Q. How have you enjoyed your experience as an Apprentice with BodyStories? How do you think that experience will change when you transition into working with BodyStories in a project-based role?

A. This is the first professional dance company I’ve been a part of, so it’s been a great learning experience. I didn’t have an active role in the creation of Agawam, which gave me the chance to observe my peers and learn from their work. It’s been really inspiring! I enjoy collaboration, so I’m excited to take on a more active role in the creation of our newest piece.

Q. How do you, as a dancer, approach translating the emotional and intellectual themes behind Teresa Fellion’s work into movement? Take us through that process.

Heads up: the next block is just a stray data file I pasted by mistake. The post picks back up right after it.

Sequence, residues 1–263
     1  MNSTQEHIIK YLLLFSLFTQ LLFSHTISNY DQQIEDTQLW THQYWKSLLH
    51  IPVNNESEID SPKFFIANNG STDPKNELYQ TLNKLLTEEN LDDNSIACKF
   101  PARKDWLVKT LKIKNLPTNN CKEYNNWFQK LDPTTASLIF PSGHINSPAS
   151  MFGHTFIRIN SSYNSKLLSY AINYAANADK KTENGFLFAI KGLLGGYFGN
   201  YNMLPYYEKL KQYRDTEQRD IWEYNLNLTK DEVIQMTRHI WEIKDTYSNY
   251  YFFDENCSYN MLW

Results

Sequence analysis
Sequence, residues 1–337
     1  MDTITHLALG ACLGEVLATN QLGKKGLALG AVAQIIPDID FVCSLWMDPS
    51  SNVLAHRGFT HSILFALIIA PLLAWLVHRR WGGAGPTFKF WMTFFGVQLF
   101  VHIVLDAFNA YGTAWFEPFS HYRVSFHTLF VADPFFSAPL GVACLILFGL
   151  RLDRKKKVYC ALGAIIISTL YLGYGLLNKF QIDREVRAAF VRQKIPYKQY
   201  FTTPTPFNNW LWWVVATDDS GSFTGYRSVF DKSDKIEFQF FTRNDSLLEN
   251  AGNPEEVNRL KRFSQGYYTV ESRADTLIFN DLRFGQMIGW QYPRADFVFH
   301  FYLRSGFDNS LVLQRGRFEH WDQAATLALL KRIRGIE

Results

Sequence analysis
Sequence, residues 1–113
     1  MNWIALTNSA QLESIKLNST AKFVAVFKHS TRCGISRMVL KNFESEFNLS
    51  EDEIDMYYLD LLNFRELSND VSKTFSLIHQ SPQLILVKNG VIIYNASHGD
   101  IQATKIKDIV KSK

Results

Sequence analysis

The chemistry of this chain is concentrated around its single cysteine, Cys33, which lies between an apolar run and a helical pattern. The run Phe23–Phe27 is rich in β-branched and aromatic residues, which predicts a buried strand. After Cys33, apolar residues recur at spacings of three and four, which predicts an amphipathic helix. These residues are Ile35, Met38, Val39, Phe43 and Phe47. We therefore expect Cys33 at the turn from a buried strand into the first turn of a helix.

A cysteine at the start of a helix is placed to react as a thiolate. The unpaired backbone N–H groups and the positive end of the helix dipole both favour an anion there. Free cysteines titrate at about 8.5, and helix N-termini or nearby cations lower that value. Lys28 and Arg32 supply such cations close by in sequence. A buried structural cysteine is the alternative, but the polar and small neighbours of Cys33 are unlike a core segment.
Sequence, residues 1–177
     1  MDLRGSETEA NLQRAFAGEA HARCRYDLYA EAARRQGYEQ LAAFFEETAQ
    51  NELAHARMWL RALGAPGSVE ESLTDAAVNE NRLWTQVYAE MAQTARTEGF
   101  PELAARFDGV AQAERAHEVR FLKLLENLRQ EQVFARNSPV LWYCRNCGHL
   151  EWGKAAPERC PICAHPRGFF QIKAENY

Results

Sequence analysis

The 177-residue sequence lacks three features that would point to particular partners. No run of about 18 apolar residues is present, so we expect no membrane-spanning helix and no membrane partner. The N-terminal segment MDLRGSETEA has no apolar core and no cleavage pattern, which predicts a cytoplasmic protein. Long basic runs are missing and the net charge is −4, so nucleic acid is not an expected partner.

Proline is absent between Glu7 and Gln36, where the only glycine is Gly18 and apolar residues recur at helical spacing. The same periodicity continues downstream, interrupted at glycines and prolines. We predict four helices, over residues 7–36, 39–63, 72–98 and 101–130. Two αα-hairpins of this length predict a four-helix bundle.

A. For me, the approach differs slightly from piece to piece. But generally I start from one of two places: physical movement or story. The two are always intertwined, but I like to build them up separately in my mind and body, then weave them together when I know each of them intimately.

Q. What was the process of creating Agawam like? What was it like understudying various roles?

A. With Agawam, we began by discussing some very basic themes of family. We also played with movement prompts and invisible “rules” that our bodies could navigate through space. Later, we brought those two concepts together. I think each dancer in the cast truly seized her role and brought her own story to the table. These stories evolved gradually, which made it more fun—but more challenging—to understudy everyone. Physically there were new movements to learn in each rehearsal, but the mental and artistic changes were subtler, and therefore trickier to absorb.

Q. What was it like to jump into performing Agawam at the last minute?